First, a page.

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Health & Balance

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Help for the Chronically Late

Experts explain why the key to being on time is understanding why you're always late.

Planning for Wait Time

For most people, running late has more to do with anxiety about where they're going. "There's a fear factor in which people are anxious about going at all or about getting there too early and having nothing to do," Sapadin says.

Morgenstern agrees. "There is a tremendous fear of downtime, an anxiety associated with doing nothing and waiting." You know you're in this category if you'd rather be late to a massage than spend one minute sitting in the waiting room.

To overcome wait time anxiety, Morgenstern suggests planning "something highly absorbing to do while you wait." Try to arrive at every appointment 10 or 15 minutes early and use the time for a specific activity, such as writing notes to people, reading a novel, or catching up with friends on the phone. This strategy can help convert dreaded wait time into time that is productive and pleasurable, giving you an incentive to be on time.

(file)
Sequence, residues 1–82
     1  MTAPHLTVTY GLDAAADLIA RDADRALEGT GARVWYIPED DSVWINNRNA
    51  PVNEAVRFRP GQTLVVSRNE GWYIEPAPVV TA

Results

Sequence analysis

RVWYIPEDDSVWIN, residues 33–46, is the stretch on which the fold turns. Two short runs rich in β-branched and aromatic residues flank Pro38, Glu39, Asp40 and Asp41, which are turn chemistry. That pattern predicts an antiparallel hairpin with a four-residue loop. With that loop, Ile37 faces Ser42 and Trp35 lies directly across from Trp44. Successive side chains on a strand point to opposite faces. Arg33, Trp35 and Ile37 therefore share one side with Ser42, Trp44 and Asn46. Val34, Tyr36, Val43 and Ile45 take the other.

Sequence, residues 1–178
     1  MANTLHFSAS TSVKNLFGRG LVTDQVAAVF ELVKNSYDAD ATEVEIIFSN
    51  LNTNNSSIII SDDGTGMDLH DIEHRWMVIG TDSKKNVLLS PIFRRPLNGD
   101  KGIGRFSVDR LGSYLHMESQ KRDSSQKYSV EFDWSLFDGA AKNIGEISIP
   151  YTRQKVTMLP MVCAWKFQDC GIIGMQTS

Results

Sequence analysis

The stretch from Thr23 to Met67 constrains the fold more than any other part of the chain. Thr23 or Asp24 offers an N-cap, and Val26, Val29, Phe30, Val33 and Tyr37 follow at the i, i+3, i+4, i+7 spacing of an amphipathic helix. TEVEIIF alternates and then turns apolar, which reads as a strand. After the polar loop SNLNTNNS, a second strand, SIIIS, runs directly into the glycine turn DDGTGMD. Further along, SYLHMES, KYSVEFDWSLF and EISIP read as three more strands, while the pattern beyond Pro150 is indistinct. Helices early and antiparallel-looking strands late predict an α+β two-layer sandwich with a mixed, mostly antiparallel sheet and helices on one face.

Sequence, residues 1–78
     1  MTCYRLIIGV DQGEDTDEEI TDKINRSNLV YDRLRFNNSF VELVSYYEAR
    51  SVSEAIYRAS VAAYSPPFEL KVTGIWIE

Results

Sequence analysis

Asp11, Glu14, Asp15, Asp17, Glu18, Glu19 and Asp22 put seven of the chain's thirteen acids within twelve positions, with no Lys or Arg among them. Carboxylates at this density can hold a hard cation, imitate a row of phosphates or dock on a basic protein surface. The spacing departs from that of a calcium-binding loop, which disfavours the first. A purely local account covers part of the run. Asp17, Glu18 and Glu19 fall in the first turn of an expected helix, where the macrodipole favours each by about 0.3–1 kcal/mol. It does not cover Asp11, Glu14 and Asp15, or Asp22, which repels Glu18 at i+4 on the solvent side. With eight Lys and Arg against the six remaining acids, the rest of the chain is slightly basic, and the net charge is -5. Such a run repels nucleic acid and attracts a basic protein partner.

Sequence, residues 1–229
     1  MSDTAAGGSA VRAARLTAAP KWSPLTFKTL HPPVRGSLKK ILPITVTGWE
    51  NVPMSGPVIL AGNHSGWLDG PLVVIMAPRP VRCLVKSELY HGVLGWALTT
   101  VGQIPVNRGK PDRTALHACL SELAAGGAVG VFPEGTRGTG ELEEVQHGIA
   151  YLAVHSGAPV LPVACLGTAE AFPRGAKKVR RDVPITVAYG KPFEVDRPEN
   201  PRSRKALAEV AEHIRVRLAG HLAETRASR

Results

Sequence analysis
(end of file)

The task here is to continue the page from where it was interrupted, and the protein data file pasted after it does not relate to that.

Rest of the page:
Walking Out the Door

Finally, a deceptively simple tip from Morgenstern: Walk out the door on time. She says many people try to avoid downtime by "shoving in one more thing" just before they need to leave. She calls this the "one-more-task syndrome" and says it's a major obstacle to being on time. "If you really want to beat this, the minute you think of squeezing in one more thing before you leave, just don't do it. Stop yourself in your tracks, grab your bag and walk out the door."

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Reviewed on August 25, 2008

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